Palestinians set up outpost near hamlet Israel seeks to raze

A Palestinian Bedouin pupil walks in the courtyard of their primary school in the village of Khan Al-Ahmar in the Israeli-occupied West Bank on September 6, 2018, after Israel’s top court upheld an order to raze the village. (AFP)
Updated 12 September 2018

Palestinians set up outpost near hamlet Israel seeks to raze

  • Israel says Khan Al-Ahmar was illegally built and has offered to resettle residents 12 kilometers away
  • Critics say its removal is meant to make room for an Israeli settlement

RAMALLAH: A top official said Tuesday the Palestinians have filed a new complaint against Israel with the International Criminal Court, after the US said it would resort to any means to protect its allies against such actions at the international war crimes body.

The move comes a day after the US closed the Palestinian de facto embassy in Washington because of its leaders’ refusal to enter peace talks with Israel. National security adviser John Bolton also lashed out at the Palestinians for their attempts to have Israel prosecuted at the ICC, denouncing the court’s legitimacy and threatening sanctions if it targeted Israel and others.

But at a press conference in Ramallah, Saeb Erekat doubled down by saying the Palestinians have asked the ICC to investigate Israel’s planned demolition of the Palestinian Bedouin village of Khan al Ahmar in the West Bank. He also indicated the Palestinians plan to join other international bodies.

Erekat said the Palestinians have asked the chief prosecutor to meet with village representatives and include Israel’s actions as part of her investigation into possible war crimes by Israel.

“The US threats against the ICC are a coup against the rules in the international system,” he said. “The Trump administration wants to dismantle the international order to ensure that it can stay above the laws and escape accountability.”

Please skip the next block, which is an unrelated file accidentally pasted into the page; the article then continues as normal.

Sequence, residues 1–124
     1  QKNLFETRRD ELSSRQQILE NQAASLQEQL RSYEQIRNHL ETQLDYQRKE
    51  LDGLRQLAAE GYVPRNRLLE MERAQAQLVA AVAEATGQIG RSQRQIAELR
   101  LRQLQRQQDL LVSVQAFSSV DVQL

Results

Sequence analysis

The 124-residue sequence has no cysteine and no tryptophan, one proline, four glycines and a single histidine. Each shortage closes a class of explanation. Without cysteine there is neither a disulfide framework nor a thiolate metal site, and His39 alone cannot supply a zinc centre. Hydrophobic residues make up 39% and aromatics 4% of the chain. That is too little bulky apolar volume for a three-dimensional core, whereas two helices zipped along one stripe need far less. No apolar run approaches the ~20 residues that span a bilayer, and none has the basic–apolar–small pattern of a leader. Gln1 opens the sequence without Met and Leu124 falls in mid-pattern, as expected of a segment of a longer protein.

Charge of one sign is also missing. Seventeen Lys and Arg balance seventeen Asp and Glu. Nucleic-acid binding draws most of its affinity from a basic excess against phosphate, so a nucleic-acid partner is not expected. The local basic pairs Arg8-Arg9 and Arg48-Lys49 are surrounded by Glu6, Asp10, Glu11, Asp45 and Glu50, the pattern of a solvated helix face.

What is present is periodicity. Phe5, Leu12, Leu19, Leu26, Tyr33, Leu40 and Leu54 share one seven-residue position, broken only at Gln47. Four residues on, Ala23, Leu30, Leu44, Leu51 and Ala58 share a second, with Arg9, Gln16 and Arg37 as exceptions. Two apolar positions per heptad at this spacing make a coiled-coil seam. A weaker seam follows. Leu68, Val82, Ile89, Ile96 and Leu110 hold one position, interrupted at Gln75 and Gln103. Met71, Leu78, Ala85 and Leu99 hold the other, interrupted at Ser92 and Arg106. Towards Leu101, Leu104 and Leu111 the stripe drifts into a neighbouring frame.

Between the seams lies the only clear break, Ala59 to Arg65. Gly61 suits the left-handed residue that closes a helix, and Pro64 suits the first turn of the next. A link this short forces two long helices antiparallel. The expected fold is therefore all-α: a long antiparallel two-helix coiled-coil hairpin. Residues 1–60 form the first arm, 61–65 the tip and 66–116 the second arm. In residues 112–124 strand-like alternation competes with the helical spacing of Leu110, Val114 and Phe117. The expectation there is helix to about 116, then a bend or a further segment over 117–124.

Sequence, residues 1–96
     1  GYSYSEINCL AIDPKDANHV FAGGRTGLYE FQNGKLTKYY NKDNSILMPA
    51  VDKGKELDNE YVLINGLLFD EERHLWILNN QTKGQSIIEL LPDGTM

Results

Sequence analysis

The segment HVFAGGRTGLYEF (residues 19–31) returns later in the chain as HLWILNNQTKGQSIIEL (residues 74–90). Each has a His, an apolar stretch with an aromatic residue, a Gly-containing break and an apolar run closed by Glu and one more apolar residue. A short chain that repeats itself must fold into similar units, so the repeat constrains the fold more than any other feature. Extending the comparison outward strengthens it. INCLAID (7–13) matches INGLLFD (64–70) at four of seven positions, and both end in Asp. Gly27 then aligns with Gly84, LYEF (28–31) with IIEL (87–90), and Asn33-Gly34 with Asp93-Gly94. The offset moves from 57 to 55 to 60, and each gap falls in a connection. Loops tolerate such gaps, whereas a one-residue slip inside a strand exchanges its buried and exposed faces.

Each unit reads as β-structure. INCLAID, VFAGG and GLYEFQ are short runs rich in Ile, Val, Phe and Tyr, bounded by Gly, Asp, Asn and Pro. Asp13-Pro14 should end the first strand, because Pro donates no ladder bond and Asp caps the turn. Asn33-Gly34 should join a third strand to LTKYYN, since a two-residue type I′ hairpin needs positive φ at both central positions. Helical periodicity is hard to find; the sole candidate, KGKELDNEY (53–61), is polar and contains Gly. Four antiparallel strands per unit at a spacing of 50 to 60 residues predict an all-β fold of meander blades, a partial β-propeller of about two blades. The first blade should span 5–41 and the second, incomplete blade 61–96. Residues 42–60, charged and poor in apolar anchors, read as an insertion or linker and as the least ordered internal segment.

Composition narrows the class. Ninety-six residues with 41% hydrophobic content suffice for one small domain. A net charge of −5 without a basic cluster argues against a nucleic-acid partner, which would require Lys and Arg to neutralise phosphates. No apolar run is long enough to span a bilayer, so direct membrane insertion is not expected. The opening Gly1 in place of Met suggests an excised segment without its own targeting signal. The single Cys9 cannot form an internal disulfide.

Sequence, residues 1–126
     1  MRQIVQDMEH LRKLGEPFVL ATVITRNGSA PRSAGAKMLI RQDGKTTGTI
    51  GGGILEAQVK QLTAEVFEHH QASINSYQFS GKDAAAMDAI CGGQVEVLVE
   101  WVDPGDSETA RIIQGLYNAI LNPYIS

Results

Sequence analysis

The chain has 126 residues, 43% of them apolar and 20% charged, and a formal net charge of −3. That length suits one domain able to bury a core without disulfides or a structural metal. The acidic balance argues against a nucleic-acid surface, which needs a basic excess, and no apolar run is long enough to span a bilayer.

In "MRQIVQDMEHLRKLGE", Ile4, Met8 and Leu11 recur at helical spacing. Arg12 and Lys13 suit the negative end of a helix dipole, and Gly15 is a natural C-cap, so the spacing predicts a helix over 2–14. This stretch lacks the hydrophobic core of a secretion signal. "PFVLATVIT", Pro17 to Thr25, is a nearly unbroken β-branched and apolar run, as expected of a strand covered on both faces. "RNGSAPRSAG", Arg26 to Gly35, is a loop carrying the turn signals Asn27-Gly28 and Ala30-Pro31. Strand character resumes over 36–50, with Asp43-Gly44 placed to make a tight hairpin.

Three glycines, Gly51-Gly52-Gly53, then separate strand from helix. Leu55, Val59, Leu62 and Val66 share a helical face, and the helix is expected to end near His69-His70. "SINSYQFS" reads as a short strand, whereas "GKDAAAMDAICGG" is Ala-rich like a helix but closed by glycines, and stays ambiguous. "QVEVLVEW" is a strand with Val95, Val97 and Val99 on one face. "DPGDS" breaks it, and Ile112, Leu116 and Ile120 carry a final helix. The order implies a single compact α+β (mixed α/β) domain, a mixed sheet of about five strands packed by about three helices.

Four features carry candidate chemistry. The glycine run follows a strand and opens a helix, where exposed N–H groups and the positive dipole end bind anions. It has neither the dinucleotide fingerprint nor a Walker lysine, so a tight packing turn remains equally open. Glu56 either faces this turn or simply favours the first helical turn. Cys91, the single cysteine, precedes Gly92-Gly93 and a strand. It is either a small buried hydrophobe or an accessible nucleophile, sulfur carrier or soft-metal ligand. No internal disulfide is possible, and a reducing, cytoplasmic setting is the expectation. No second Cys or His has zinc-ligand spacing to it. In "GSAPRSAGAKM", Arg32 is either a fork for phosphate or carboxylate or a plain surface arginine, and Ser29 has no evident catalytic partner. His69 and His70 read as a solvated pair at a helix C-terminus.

Israel has long denounced Palestinian efforts to globalize their conflict by turning to external bodies with bogus claims. In particular, it says the ICC lacks jurisdiction because Israel is not a member of the court.

The Trump administration dramatically ratchetted up its rhetoric by threatening sanctions if the court pursues investigations against the US,  Israel or other allies. John Bolton said the ICC “is already dead” to the US.

“The United States supports a direct and robust peace process, and we will not allow the ICC, or any other organization, to constrain Israel’s right to self-defense,” he said in a speech to The Federalist Society, a conservative, Washington-based think tank.

The administration also cited the refusal of Palestinian leaders to enter into peace talks with Israel as the reason for closing the Palestine Liberation Organization office in Washington, although the US has yet to present its plan to resolve the Israel-Palestinian conflict.

The Palestinians accuse the administration of dismantling decades of US engagement with them by blatantly siding with Israel.

The closure of the PLO office was the latest in a series of moves targeting the Palestinians. Just last month, it canceled more than $200 million in aid for projects in the West Bank and Gaza as well as the remainder of its planned assistance for the UN agency that helps Palestinian refugees around the Middle East. Over the weekend, it announced it would cut $25 million in assistance for hospitals in East Jerusalem that provide critical care to Palestinian patients.

“We don’t want confrontation with the US,  by the way, but how can anyone with all these American decisions, Trump’s decisions, believe that these people can be honest brokers, facilitators in any peace process? They are no longer partners in the peace process,” Erekat said.

He said Israel should be held accountable for its plans for the Khan Al-Ahmar encampment, a West Bank hamlet that has focused attention on what critics say is the displacement of Palestinians by Israel. European countries urged Israel this week to refrain from demolition.

Israel says Khan Al-Ahmar was illegally built and has offered to resettle residents 12 kilometers (7 miles) away. But critics say it’s impossible for Palestinians to get building permits and that the demolition is meant to make room for an Israeli settlement.

Israel’s Supreme Court rejected an appeal last week, paving the way for demolition.